STW losing the message

The advertising and marketing group will likely spend some time in the “sin bin” for management’s transgression.

The market can’t decide what kind of stock STW Communications (SGN) is, and this confusion has made for a volatile ride for shareholders with the stock suffering its worst two-day dive in over five years following the release of its disappointing result.

Anyone who thought Australia’s largest advertising and marketing group was a play on growth would be rushing for the exits after management told investors not to expect organic growth for the current calendar year (STW’s financial year ends in December).

This sent the stock tumbling more than 12% to around $1.26, with STW continuing to struggle to regain composure.

The outlook was a clear disappointment and it seems management had been over-selling the earnings growth story earlier this year. Clearly, marketing is the lifeblood of the group and the stock is being rightfully caned for under-delivering.

I was not expecting much earnings growth and had only pencilled in a 5% increase in operating revenue, but management couldn’t even meet that goal.

The end result may not sound like much of a disaster, but STW will likely spend some time in the “sin bin” for management’s transgression, and I have cut my price target on the stock to $1.50 from $1.70 a share. Factoring in the weaker top line figures would see my price target drop to $1.50 from $1.70.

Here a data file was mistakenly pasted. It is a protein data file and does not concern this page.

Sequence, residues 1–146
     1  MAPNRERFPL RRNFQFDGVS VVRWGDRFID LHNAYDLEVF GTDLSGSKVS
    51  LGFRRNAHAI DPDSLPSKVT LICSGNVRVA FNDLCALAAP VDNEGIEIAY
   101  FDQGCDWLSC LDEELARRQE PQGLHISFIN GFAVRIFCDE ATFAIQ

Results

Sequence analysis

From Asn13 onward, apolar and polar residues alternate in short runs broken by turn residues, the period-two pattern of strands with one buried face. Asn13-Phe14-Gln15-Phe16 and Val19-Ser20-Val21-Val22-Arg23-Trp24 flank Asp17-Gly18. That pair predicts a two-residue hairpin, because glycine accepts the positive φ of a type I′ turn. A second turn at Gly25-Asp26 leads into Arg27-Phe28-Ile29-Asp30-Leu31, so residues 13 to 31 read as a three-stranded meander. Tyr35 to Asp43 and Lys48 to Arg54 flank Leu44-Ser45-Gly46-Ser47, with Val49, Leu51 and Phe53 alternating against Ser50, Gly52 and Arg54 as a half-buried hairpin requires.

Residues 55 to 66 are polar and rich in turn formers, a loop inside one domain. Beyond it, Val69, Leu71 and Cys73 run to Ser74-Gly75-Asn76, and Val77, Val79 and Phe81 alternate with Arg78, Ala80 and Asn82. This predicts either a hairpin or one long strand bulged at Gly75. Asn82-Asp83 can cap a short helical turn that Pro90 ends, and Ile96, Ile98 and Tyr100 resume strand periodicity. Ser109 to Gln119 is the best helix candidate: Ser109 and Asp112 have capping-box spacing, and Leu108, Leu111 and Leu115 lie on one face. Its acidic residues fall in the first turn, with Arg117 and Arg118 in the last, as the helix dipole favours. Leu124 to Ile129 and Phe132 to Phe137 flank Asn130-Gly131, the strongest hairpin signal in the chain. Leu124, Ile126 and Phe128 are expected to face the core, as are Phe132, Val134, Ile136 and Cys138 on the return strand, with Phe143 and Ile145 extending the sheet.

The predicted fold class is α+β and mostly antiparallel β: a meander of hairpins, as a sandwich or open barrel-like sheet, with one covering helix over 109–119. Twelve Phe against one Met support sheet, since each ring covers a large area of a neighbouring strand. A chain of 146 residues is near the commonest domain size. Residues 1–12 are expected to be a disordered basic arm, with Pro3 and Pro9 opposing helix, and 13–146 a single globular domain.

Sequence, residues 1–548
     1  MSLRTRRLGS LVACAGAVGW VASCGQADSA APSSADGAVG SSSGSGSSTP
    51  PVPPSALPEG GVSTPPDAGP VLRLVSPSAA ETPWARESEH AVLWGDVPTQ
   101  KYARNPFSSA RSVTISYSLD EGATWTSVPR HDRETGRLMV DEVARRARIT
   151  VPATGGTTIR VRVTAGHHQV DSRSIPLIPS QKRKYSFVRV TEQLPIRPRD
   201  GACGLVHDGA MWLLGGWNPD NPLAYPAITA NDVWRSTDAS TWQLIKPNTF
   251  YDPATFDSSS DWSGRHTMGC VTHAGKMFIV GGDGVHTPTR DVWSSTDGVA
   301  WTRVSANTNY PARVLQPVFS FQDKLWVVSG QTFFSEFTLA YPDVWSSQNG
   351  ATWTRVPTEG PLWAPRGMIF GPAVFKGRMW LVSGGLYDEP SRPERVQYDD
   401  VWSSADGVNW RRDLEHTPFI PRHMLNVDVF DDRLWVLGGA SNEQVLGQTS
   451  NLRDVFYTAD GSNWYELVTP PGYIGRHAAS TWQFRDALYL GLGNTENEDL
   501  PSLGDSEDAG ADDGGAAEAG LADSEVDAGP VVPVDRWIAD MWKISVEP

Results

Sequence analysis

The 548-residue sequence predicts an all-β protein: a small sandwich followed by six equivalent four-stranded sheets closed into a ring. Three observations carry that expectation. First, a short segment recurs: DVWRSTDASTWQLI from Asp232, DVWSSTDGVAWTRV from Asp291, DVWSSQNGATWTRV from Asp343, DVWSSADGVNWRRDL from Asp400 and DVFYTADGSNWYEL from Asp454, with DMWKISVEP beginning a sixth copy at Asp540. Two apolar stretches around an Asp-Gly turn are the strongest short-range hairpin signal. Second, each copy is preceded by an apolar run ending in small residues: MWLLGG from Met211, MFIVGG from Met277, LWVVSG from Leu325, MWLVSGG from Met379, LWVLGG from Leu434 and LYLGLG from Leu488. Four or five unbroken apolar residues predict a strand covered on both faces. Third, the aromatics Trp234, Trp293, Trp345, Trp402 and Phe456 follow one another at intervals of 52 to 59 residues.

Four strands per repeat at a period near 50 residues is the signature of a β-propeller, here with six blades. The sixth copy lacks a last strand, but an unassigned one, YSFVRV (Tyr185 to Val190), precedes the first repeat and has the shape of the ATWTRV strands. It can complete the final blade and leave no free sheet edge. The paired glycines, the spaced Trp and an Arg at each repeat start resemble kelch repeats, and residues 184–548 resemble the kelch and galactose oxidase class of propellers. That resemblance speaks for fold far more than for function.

Dividends are safe and the yield is likely to reach around 10% once franking credits are included, but I don’t think that’s enough to win back investors – not in the nearer term anyway. The truth is STW will likely spend some time in the “sin bin” for management’s transgression, and I have decided to cease coverage on the stock – at least until I can see stronger earnings per share growth coming through.

While dividends are important, Eureka Report’s primary motivation for looking at smaller companies is to pick out those that can deliver robust earnings growth over the next few years.

STW has a strong market position but limited growth options. Its aggressive expansion into the shopper marketing industry through the recent acquisition of Active Display Group (ADG) is likely to help lift total revenue by around 11% to $459.6 million for the year ending December 31 2014, but earnings per share is only forecast to increase 4.6%.

The problem is that margins in the shopper marketing segment (the in store promotions you see at the supermarket) is only around half that of STW’s traditional businesses even though the industry is tipped to keep growing at a double-digit pace.

Meanwhile, the jury is still out on STW’s expansion into Asia, which is also driven by buying existing advertising and marketing agencies. The issue is the lack of synergies between the different parts of the group.

The biggest risk, in my opinion, is not earnings growth, but management becoming even more desperate to “buy growth” using the group’s healthy balance sheet. This fear may stem from worries of a takeover should the stock fall much further.

UK-listed WPP owns about 20% of STW and Bloomberg data states it has over £2 billion ($3.9 billion) in cash. Buying STW could well be earnings accretive given that the Australian company is trading at around a 25% discount to WPP on an enterprise value to earnings before interest, tax, depreciation and amortisation (EV/EBITDA) basis.

Until we get more clarity on STW’s growth potential, it will be better to focus on other higher growth options at the junior end of the market.

I would have preferred to suspend coverage on a higher note, but the stock is only a little below where I initiated formal coverage on June 4. The stock was trading at $1.335 back then before running up to $1.50. The stock is last trading at $1.29 a share.

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